A Conversation With Kenny Fries

Featured nonfiction writer at this year’s Ocean State Writing Conference

Kenny Fries author photo
Photo Credit Michael R. Dekker

by Elizabeth Foulke

In his most recent memoir, In the Province of the Gods, Kenny Fries recounts the time he spent in Japan. There are echoes of his earlier work, as Fries continues to examine what it means to adapt –in this case to an unknown place and culture, as well as to illness and loss. Throughout the memoir, Fries reflects on how to remain malleable in the face of the unexpected.

Kenny Fries is the author of two previous works of literary nonfiction, The History of my Shoes and the Evolution of Darwin’s Theory and Body Remember. His works also include the poetry collections, In the Garden of Japan, Desert Walking, and Anesthesia. Fries is the editor of Staring Back, a collection of writing by authors with disabilities and wrote the libretto for the opera, The Memory Stone.

This June, I had the opportunity to interview Mr. Fries, who lives and works in Berlin. Fries expertly weaves together folklore, scientific theory, and poetry with questions of social policy and the construction of space as they intersect with disability. Our conversation explores his craft, adaptation, Japan, and the continued need to incorporate marginalized voices into our cultural narrative. Below is an excerpt of the interview. The full interview can be found in the print version of the recent edition of The Ocean State Review.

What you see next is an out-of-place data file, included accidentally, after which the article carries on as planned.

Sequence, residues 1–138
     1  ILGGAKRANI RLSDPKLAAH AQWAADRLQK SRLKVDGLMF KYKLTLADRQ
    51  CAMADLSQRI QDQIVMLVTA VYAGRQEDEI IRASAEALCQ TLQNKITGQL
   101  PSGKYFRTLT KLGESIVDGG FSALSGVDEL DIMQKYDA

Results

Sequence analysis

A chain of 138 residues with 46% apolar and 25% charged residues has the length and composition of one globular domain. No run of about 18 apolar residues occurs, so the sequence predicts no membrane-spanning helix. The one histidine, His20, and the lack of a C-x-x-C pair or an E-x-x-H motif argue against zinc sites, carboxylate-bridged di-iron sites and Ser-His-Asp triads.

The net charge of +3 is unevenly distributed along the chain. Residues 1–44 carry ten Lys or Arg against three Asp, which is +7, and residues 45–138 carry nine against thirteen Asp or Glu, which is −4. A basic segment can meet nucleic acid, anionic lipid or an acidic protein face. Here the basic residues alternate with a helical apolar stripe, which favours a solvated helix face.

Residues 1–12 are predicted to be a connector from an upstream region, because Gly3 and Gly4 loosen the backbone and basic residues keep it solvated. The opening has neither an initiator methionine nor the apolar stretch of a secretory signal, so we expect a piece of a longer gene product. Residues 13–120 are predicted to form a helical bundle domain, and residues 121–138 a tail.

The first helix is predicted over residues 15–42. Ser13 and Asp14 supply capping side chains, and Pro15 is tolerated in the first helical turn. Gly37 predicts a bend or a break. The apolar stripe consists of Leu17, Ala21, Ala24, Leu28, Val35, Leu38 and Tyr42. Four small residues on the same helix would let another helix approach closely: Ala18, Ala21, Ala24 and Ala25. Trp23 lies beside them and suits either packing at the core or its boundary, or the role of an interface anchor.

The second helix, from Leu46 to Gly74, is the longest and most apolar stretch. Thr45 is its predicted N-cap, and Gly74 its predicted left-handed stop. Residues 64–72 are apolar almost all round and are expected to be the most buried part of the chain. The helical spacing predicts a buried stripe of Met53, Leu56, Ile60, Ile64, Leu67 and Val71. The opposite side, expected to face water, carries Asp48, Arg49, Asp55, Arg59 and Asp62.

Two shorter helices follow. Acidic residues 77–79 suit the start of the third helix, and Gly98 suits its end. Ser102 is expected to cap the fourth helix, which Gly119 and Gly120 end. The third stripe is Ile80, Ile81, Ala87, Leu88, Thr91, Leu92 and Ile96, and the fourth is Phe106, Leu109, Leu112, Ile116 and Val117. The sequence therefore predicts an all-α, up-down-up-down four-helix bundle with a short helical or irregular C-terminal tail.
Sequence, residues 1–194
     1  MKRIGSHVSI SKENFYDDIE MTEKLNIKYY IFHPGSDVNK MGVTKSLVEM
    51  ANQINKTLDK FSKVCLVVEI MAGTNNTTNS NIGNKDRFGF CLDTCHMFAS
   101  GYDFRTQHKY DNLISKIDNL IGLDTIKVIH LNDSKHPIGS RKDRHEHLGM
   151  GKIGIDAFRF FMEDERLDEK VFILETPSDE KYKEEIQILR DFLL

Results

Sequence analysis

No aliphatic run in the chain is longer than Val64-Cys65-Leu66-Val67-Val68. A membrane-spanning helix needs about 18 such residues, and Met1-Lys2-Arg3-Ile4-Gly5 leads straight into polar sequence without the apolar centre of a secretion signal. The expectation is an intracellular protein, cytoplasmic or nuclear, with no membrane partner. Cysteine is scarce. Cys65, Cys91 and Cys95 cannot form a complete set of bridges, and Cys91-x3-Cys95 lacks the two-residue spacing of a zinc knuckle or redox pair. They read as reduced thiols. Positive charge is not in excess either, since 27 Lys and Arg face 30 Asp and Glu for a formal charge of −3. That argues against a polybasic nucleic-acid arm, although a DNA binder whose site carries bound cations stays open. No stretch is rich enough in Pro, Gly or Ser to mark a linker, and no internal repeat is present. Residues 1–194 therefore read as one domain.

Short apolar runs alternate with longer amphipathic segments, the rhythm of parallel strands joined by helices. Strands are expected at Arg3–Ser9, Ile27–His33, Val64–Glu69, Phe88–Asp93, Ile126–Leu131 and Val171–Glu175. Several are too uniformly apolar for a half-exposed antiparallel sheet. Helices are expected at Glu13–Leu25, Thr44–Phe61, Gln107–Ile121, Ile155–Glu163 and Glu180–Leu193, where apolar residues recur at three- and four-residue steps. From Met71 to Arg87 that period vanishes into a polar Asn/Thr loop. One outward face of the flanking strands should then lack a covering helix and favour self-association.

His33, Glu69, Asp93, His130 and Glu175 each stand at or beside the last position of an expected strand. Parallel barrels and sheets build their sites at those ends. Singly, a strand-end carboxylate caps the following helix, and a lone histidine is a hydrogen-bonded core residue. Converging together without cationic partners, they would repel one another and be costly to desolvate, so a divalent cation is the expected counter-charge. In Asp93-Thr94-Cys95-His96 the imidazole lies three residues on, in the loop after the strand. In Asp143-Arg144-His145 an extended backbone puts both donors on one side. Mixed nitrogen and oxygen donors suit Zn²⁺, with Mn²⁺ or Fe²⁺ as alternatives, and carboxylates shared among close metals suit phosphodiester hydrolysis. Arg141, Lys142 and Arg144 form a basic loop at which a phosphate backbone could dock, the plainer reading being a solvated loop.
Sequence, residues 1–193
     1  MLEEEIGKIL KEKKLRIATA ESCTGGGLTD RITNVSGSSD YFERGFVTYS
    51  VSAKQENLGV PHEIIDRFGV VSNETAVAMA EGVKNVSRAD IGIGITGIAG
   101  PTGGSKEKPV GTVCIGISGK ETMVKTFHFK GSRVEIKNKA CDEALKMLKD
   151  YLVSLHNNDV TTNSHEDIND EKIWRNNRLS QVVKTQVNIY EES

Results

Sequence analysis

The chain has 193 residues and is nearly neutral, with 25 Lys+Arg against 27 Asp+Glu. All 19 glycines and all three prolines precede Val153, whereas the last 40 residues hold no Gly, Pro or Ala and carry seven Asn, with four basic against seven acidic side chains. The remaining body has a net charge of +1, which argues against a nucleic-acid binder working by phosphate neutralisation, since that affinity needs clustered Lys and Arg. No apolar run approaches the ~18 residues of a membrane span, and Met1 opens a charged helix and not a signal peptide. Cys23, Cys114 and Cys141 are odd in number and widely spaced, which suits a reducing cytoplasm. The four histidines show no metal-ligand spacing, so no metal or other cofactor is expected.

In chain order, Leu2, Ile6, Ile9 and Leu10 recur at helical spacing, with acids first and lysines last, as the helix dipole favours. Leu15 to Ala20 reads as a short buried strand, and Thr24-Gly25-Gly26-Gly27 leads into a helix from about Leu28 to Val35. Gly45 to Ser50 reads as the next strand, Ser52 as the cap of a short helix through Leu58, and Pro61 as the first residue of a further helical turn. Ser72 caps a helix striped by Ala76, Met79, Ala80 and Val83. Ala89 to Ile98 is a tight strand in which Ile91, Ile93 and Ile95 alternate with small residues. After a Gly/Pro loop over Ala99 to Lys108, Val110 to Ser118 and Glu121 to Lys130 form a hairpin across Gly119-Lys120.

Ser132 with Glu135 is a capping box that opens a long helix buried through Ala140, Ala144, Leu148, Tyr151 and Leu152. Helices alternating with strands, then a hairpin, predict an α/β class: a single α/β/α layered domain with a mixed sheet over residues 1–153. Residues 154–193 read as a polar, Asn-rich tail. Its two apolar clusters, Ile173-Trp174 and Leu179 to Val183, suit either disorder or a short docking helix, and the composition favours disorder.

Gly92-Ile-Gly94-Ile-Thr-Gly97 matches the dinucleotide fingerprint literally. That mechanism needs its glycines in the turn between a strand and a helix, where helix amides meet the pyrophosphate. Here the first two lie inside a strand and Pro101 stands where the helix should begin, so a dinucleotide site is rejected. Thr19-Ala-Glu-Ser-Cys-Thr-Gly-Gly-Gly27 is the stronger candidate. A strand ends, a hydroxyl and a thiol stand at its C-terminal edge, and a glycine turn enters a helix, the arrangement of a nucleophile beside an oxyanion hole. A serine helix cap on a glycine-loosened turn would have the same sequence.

Your new book In the Province of the Gods has a wonderful title, and I was also struck by the section and chapter titles:  “Floating,”  “Barrier Free,” “A Mountain of Skulls and Candlelit Graves,” “Rare and Uncommon Beings,” and “Bubbling Water.” Together they read like poetry. Will you speak a little about how you use and choose language to weave together your lived experience while creating a text that is literary?

I’m glad you like the titles.  Titles have always been important to me.  When working on a book, a title helps me figure out what the book, or a section or chapter of the book, is actually about.  I started out writing poetry and I tend to think associatively and imagistically.  This is probably why you find the titles read like poetry.  In In the Province of the Gods, it is probably also because Japanese is such a different language system than English.  It is mostly a logographic system, rather than the alphabet based language we’re used to.  Images are essential not only to Japanese but also to understanding Japan